Each egg had a number of pounds on it, or a “you followed your diet for a perfect week” note on it. I could open an egg as each goal was made.

I got to open multiple eggs and then I got sick. Very sick. So ill that I ended up hospitalized for more than a week. At age 12, due to the way I was eating. I lost weight, but I made myself ill.

Not only did my Mom’s friend reward me for disordered eating (and that is what it was,) but my Granny offered to buy me new clothes if I kept the diet up.

Yeah, our society is so anti-fat that a 12-year-old who puts herself into the hospital by improper eating is told how great of a job she was doing.

I’m now 40-years-old, still fat, disabled (due to multiple reasons, none of which are my size,) and happy, most of the time. I’m loud and proud. I’m not ashamed of my body any more. I’ll eat in public, because you have to eat to live.

I’ll take up space, because I am worthy of space on this planet. I’ll wear loud colors, dye my hair pink, talk loudly with friends. I’ll be fat and a public person.

I will roll up to people (cause I have the scooter of whee) and introduce myself now. I’ll order dessert if I want to, because everyone deserves to have a treat once in awhile.

Yet, that fat little girl, who was picked on not just by her peers, but by one particular teacher, and made to feel less than. That little girl who felt she had to starve herself to be accepted and loved. That little girl who was afraid to eat in front of people, who was afraid to take up space, who was afraid to be herself…  she’s still in there.

Today, that little girl came out and cried for all she was, for all she is, for all the other little girls and teenagers and women and men, for that matter, who think they are less than because they are fat.

You are not less worthy, less loved, less capable. You are worthy of all you want and dream and deserve. You are loved. You are wonderful. You are amazing.

 
*Note, I know Jen, she is an amazing writer and wonderful person.  I will read the entire book and review it soon. Buy it now here or here or here.

A Grown Up Bag

IMG_1450I love purses, typically the larger, wilder, or nerdier the better. However, I do have a “grown up” job as a reporter and need to look the part sometimes. When I was in Pennsylvania last week with Tony for his job, I stumbled upon the outlets there.

 

Then, I wandered about as they had a Peeps outlet (way overpriced, but cute Peeps brand items,) and a Coach outlet. Now, every woman on my side of the family has at least one Coach bag. I have held out and carrying my different purses, changing them quite often as I said I love purses.

 

I decided to wheel into the Coach store and saw two bags that drew my eyes in immediately. A bright orange one and this pink one. The orange one was Coach orange, and cute, but it just didn’t feel right. Then, I grabbed this one, tested out the shoulder strap (which is a necessity for a disabled woman as I don’t typically have a free hand to carry a bag.)

This one came home with me. It was much cheaper than your typical Coach bag, but still more than I have ever spent on a purse, but I love it. It is smaller than my normal bag, but holds all the stuff (including my kindle, which goes everywhere) that I need with me on a daily basis.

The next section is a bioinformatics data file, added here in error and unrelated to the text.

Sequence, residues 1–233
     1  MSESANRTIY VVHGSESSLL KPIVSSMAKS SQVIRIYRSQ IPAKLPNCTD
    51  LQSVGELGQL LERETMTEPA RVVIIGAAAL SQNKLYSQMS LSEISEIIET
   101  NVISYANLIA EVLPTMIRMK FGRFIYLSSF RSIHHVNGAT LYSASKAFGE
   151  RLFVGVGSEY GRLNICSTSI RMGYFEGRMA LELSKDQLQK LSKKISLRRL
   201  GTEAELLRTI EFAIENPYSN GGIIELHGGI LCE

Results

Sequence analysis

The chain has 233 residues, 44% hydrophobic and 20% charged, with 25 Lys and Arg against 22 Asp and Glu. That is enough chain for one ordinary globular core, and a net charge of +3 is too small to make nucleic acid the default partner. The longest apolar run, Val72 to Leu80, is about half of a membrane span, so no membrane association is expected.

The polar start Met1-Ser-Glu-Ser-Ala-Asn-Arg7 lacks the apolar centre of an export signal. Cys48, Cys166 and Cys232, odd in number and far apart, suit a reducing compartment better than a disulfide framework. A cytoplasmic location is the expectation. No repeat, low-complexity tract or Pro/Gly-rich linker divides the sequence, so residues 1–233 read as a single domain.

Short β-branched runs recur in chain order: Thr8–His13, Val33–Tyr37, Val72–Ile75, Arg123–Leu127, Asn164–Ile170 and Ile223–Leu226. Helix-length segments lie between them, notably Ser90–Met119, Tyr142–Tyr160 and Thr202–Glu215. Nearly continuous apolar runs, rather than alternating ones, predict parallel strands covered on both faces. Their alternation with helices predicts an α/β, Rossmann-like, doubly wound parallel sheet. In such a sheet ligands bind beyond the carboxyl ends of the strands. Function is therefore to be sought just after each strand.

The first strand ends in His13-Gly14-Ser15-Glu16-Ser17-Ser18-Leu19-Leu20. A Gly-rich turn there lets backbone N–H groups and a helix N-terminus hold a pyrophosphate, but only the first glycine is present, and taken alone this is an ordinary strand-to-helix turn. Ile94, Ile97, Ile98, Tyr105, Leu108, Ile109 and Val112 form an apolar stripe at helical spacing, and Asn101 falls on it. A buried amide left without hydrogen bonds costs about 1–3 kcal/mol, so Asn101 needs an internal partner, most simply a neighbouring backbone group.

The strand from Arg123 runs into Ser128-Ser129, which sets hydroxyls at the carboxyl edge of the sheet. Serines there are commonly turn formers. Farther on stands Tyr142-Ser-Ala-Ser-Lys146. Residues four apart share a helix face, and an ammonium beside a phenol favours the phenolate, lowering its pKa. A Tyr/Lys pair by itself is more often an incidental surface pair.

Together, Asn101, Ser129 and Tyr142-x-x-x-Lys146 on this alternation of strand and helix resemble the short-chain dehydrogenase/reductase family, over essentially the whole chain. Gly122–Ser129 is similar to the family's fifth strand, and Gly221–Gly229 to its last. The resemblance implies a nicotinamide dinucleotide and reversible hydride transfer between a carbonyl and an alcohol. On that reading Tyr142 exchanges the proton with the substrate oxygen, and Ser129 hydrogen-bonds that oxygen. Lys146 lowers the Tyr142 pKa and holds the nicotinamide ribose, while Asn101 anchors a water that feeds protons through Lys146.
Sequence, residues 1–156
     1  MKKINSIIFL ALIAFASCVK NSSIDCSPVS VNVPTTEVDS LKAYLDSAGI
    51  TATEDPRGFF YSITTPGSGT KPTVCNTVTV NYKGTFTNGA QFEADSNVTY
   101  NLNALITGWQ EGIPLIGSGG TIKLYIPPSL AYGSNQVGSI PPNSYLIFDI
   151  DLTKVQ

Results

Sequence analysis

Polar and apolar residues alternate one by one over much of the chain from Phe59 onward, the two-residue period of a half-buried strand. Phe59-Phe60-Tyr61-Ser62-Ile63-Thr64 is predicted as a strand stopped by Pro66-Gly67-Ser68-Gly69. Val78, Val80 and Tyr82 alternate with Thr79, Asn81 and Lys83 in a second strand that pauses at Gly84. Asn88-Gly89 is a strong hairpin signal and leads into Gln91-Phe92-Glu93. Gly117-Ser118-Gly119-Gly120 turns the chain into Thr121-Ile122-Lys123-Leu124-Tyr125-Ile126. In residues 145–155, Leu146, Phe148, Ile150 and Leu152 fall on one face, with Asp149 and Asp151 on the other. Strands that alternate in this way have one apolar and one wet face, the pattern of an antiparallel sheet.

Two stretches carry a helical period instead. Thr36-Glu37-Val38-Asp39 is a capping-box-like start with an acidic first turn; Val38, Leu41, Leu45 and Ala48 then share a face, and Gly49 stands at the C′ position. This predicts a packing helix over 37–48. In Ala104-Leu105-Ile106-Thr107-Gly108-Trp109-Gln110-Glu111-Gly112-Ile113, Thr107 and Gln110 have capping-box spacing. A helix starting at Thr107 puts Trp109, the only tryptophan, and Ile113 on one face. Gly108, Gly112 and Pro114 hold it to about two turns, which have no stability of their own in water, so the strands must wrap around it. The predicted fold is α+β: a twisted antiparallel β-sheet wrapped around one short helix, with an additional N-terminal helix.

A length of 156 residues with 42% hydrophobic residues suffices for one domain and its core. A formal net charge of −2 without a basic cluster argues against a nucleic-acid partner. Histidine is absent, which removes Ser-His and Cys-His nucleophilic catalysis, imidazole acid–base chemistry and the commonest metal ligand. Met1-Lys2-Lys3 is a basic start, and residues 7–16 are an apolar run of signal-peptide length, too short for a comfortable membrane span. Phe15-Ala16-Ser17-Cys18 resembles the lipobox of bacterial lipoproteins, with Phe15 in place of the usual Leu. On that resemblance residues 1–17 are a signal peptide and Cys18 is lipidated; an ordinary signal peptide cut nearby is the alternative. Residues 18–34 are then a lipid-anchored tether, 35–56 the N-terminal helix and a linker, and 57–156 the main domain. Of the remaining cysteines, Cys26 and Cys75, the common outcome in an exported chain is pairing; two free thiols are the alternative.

Now, I just need one of those fancy camera bags (currently I use an Amazon basic bagpack) and I’ll be set.

 

Thanks to an incredible teacher.

As school in Westmoreland County ends, my favorite teacher, Trudi Ficklin?, is retiring from teaching. Mrs. Ficklin taught me home economics when it was still called home ec.

When I started at W&L I knew no one, I was scared, I was lonely, I was dealing with a drinking problem that most people had no clue about, in fact, this will probably be the first time my Dad knows abou tit.

My depression and anxiety issues started about the time I moved to W&L. Mrs. Ficklin took me under her wing, taught me things I would truly need in real life, things like balancing a check book, how to wash clothes, how to cook, how to take care of a family, and make a house a home.

However, she taught me so much more than that. She taught me that I was worth the time. She taught me that I was a good strong woman. She taught me that I could be picky about my future spouse (I was engaged in high school to an older guy, we were not a good fit. However, we are friends, now.)

Trudi Ficklin brought me into FHA, got me involved as the reporter for it, and writing my first articles for the Westmoreland News? about vocational education at W&L. Yes, that means I have come full circle now.

She taught me to believe in myself, to defend what I believe in, to learn from my mistakes, pick up and move on from them.

She taught me leadership as I moved into the role of President of FHA my senior year.

When no one else believed in me, she did. When I was done and ready to quit school, permanently (I didn’t bother going to school for most of a year at CBHS,) she listened to me, and helped me to realize that was a mistake.

W&L will be lesser without her. I’m glad Kyrstin? got at least one class with her.

Good luck in your next endeavor, Trudi! Thank you so much for everything you did for me, and for all your students, in your time as a teacher.